• Finally, I met some amazing, inspiring women who became friends and mentors. I believe their feminine goddess energy rubbed off on me. Being around healthful, positive, menstruating woman was incredibly uplifting and transformational. I was empowered by their strength, endurance, nurturing love, support and appreciation for life. I fell in love with the true value of friendship and how powerful it is to be surrounded by women who embody both darkness and light, feminine and masculine, beauties and flaws. One beautiful friend in particular introduced me to the ancient wisdom and healing power of rocks and crystals. Leading up to my bleed, I was particularly drawn towards the moon stone. I wore it around my neck during my travels to Spain and believe it may have channeled the lunar energy that encouraged my flow the day after I arrived. For this, I am grateful.
I feel so deeply connected to the energy of this moonstone.

All in all, losing my period was a great lesson; one that I am very appreciative of. In two years, I learnt a great deal about the cyclic nature of the female body, worked through emotional trauma tied up in my root chakra, and came to be a living embodiment of the feminine energy that had been residing deep with in my core.

In so many ways, the experience of losing my period has deepened my commitment to health. Nowadays, I am working on holistically embracing health and fitness. I love being active, going for walks, doing yoga and eating vegan food. I have no limits on how much I consume or a target on how many calories I have to burn, because my focus is on the bigger picture – on maintaining physical, mental, emotionally and spiritual health.

Currently, the only difficulty I am having is articulating how much my profoundly beautiful, wise, menstruating body means to me. Being “woman” is the greatest gift… and something that I now celebrate with so much passion and fire. Womanhood is the reason for my birth into this magical world so I am embracing my monthly cycles, learning how to take good care of my body, supporting young girls as they transition, and holding space for women as they heal from their ailments.

Bleeding is a sign of our fertility, of womanhood, of being a creative. It connects us to each other, to our friends, our ancestors, the Earth, the moon, the stars, and the planets. Bleeding is wellness. It is a sign that our bodies are in working order… and for that we should be incredibly grateful for. Thank You MAMA EARTH.

I send all my love and best wishes. There is hope for recovery. Don’t give up.

“We honour our mothers by releasing ourselves from her inherited emotional pain” – Dr. Nicole LePera

Wonderful Resources

Blog & Youtube Channel “acaseofthejills” –

Jill is the beautiful human behind the camera; not only is she honest, compassionate and full of knowledge and personal experience, her advice is largely based off her first hand experience with amenorrhea, exercise addiction, and recovery. She talks a lot about maintaining a healthy relationship with exercise by listening to our bodies. Many of her videos have been very influential in healing emotional trauma and helping me to stay hopeful throughout the process. I am so grateful for her online presence and the down to earth way that she has and continues to share her story.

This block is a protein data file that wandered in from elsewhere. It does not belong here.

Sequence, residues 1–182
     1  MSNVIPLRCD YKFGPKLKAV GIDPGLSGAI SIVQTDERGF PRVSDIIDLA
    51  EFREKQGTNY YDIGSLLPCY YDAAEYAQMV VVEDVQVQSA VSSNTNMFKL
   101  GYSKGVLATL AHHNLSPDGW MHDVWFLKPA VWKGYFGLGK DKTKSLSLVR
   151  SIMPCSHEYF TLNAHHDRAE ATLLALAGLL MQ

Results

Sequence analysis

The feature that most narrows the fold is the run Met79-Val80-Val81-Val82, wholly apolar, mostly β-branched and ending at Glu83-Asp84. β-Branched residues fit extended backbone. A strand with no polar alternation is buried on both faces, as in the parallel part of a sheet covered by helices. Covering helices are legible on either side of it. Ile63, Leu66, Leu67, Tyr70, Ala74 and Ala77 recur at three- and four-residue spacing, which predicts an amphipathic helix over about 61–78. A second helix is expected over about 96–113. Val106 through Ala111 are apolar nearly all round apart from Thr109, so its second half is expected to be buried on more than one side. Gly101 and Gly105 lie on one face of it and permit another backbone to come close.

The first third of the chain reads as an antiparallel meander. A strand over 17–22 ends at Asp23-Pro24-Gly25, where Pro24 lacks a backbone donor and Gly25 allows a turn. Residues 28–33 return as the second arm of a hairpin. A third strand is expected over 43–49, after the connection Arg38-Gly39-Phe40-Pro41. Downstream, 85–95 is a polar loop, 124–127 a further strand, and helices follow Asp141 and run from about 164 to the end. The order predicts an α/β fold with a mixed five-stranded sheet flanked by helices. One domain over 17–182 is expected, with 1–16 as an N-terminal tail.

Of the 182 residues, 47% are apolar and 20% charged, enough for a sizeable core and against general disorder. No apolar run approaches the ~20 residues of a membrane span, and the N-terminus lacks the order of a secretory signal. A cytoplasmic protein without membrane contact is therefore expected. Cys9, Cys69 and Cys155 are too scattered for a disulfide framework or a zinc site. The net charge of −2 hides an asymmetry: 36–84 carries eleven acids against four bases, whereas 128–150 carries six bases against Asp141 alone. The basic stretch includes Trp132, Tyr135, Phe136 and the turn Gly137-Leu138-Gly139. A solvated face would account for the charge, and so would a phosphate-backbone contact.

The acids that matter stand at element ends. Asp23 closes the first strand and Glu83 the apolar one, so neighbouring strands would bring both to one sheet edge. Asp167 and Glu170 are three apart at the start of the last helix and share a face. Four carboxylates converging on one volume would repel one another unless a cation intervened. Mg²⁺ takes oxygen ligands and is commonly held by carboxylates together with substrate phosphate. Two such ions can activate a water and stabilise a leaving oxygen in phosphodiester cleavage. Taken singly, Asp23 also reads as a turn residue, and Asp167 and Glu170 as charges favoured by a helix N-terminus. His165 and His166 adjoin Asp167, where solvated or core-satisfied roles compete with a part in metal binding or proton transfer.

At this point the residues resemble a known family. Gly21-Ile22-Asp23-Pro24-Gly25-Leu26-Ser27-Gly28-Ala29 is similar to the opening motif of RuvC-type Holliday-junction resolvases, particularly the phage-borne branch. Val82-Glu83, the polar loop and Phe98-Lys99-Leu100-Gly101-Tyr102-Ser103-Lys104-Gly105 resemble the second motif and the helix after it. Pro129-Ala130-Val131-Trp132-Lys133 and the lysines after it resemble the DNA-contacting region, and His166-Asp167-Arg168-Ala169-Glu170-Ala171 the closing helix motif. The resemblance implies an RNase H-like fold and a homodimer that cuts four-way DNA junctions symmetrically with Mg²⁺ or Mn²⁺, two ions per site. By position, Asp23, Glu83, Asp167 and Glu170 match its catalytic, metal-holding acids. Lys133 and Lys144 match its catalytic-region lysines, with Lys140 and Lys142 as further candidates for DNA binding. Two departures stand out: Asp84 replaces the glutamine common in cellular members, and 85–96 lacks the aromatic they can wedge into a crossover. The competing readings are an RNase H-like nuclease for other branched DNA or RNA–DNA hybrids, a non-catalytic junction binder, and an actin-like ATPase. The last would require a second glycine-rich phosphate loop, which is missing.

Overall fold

Rewilding for Women Podcast by Sabrina Lynn –

A super transformational podcast led by Sabrina Lynn. Her energy emanates boldness, intuition, wisdom, and femininity. She has a no-bullshit, honest demeanour which is hard to come by on the internet in this day and age. Although her messages can be confronting, they are well-meaning and come straight from the heart. Lynn discusses how we, as women, can become more in touch with the divine feminine through shamanic healing, archetypal work and self development. This women has an incredible depth and has left me in tears on numerous occasions. The community that she has created is something that all women should be a part of.

Women’s Minds Women’s Bodies by Christiane Northrup

An excellent book packed with loads of information about the female body and alternative ways of healing dis-ease in our bodies. There is a chapter dedicated to menstruation, healing irregular periods and working through emotional trauma. Northrup’s book taught me a lot about how many illnesses and imbalances in the body are rooted in childhood fear.

Women Who Run with the Wolves by Clarissa Pinkola Estés

A very extensive compilation of archetypal wild women myths and legends. This book opened my eyes to the spiritual realm of healing and the power that we hold within ourselves. By reading this text, I also became aware of all the past trauma that has been passed onto me by my predecessors. Very powerful work of art… strongly recommend for women wanting to deepen their connection with their inner wisdom. Also recommend for men interested in learning about the divine feminine energy and how to embrace it within themselves and others.


Leave a Reply

Fill in your details below or click an icon to log in: Logo

You are commenting using your account. Log Out /  Change )

Google photo

You are commenting using your Google account. Log Out /  Change )

Twitter picture

You are commenting using your Twitter account. Log Out /  Change )

Facebook photo

You are commenting using your Facebook account. Log Out /  Change )

Connecting to %s